Everything You Need to Know About Your Electric Car Battery
At Compare.com, it’s our mission to find simple ways to help our customers save money on the things they need. While we partner with some of the companies and brands we talk about in our articles, all of our content is written and reviewed by our independent editorial team and never influenced by our partnerships. Learn about how we make money, review our editorial standards, and reference our data methodology to learn more about why you can trust Compare.com.
Conventional vehicles have an automotive battery that’s used to start the internal combustion engine and power the radio, windows, and other electrical components. You’ll be familiar with it if you’ve ever had to call roadside assistance because your car wouldn’t start.
Electric cars have a different design. They still have an automotive battery — usually a 12-volt lead-acid battery, just like the one in a conventional car — but they also have a rechargeable battery pack that can be used to power the motor.
If you’re thinking of buying an electric car, it’s important to understand how an electric car battery works and what you can do to maximize your electric car battery life.
Compare EVs Near You
Types of Electric Car Batteries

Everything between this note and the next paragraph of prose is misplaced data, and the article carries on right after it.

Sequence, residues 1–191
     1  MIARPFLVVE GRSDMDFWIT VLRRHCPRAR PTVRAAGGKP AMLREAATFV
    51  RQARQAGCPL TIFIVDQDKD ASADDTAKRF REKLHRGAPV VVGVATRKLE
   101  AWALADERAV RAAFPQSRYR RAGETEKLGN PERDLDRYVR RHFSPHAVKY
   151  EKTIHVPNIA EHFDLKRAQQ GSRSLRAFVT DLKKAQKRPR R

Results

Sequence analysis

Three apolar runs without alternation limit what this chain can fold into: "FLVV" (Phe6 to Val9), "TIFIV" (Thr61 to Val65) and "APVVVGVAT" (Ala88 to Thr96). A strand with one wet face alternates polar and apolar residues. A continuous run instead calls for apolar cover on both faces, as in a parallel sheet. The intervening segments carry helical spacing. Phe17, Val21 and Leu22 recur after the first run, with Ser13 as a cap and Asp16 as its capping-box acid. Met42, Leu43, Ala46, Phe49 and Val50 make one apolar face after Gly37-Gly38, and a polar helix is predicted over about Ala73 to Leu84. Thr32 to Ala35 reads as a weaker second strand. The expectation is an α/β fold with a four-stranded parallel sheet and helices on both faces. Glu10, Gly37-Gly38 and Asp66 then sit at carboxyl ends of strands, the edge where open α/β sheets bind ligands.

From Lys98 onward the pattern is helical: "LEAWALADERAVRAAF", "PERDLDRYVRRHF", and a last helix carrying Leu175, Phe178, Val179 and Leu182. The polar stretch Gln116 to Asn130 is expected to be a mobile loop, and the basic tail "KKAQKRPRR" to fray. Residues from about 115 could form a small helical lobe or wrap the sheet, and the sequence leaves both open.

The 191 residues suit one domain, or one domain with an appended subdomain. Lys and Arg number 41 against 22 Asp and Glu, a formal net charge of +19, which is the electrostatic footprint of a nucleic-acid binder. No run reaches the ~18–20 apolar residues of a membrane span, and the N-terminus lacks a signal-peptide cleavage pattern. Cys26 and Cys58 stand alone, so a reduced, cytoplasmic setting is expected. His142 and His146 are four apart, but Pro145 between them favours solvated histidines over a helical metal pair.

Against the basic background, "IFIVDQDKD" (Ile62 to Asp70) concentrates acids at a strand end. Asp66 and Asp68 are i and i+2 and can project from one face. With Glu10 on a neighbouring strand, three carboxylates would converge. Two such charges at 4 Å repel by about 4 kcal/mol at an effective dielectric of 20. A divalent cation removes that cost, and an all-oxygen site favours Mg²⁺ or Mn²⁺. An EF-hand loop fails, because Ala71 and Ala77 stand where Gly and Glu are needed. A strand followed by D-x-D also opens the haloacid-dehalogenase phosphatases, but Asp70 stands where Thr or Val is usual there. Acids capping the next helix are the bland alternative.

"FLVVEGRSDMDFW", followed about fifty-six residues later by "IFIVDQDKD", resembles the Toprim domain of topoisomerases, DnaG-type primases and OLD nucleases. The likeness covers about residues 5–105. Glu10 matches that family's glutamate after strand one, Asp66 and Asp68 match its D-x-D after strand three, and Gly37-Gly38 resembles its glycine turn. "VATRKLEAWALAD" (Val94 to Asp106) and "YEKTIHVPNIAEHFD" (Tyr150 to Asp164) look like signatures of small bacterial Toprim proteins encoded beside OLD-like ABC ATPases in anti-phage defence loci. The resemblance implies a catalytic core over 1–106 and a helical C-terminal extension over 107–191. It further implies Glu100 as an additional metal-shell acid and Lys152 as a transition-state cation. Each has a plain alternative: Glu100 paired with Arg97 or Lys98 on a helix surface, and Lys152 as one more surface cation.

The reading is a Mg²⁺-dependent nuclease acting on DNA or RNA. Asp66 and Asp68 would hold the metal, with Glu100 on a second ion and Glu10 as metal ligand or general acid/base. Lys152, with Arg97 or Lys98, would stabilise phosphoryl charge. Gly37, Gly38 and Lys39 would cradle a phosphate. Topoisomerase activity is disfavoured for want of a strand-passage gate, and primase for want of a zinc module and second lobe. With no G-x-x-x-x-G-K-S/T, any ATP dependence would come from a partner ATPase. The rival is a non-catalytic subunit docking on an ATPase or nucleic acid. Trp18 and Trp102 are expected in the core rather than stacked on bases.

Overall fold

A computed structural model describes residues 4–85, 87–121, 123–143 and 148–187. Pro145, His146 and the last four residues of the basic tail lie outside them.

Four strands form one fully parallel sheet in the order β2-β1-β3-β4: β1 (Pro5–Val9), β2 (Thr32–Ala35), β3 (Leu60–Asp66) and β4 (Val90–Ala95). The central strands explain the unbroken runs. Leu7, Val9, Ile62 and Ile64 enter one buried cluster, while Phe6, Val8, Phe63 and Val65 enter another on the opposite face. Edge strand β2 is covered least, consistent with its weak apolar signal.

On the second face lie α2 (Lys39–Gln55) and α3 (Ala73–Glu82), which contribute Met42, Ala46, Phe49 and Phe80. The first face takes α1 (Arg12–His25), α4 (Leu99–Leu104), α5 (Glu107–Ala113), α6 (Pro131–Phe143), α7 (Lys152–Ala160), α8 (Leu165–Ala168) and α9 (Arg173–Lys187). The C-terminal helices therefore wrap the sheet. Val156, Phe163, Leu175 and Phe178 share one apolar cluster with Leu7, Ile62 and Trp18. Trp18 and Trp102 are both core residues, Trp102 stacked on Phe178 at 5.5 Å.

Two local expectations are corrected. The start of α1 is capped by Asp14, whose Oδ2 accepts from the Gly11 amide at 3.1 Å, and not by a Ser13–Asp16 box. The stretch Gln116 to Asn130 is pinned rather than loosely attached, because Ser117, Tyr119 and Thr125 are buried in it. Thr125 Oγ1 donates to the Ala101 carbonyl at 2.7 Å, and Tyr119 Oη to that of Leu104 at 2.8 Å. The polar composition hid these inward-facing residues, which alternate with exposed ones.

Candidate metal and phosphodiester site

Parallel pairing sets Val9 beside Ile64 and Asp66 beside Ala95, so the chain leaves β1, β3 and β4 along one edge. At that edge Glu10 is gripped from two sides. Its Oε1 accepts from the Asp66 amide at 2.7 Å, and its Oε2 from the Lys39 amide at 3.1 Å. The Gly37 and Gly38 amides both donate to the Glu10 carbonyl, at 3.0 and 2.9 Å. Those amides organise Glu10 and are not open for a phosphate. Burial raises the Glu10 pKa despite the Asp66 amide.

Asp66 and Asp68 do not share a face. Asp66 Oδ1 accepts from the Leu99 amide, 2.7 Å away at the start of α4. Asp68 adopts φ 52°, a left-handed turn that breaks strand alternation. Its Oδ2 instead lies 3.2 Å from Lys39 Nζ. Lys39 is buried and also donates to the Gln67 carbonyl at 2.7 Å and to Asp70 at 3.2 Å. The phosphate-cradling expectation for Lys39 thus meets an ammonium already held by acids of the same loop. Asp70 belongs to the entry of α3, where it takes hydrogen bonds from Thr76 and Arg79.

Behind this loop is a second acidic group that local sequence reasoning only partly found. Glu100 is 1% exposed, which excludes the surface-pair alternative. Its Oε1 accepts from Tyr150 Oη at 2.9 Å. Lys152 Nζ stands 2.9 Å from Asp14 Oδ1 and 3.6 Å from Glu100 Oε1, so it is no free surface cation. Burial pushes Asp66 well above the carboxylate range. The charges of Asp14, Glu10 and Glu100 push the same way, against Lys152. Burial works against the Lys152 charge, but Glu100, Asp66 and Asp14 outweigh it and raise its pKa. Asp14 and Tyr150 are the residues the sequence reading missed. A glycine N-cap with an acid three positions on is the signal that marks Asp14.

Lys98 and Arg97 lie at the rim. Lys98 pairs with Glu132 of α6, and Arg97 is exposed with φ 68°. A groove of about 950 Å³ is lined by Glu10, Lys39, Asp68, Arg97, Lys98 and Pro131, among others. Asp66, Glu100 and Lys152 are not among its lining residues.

The battery in an electric car can be easy to miss if you don’t know where to look. That’s because while a standard automotive battery is found under the hood (or sometimes in the trunk), an electric car battery sits below the cabin of the vehicle and runs along the length of the car.
Technically, it’s not a single battery, but a battery pack that’s made up of multiple smaller batteries and thousands of battery cells. They’re all housed in a flat, rectangular unit that provides thermal management so they don’t overheat.
Another benefit of this design is that it creates a low center of gravity, leading many EV owners to report that electric cars are easier to handle than conventional cars.
There are two main types of batteries found in electric cars: nickel metal hydride batteries and lithium-ion batteries.
Nickel Metal Hydride Batteries (NiMH)
Nickel-metal hydride batteries are found in many hybrid-electric vehicles (HEVs) and plug-in hybrids (PHEVs), but they’re less common in battery electric vehicles (BEVs). They have a higher energy density than lithium-ion batteries and last longer. But, they also have a few disadvantages, including the fact that they produce more heat.
NiMH batteries can be fully drained without damaging the battery, but they don’t charge as quickly and have a high self-discharge rate. This means they lose a small portion of their charge even when they aren’t in use.
Lithium-Ion Batteries (Li-Ion)
Lithium-ion battery packs can be found in the vast majority of electric cars today, especially all-electric vehicles. They can charge more quickly than NiMH batteries, have a lower self-discharge rate, and can function at high temperatures.
One drawback is that a lithium-ion battery can be damaged if it’s fully discharged, so it’s important to keep it partially charged at all times. There are also concerns that lithium mining is unsustainable, but options for recycling EV batteries are increasing.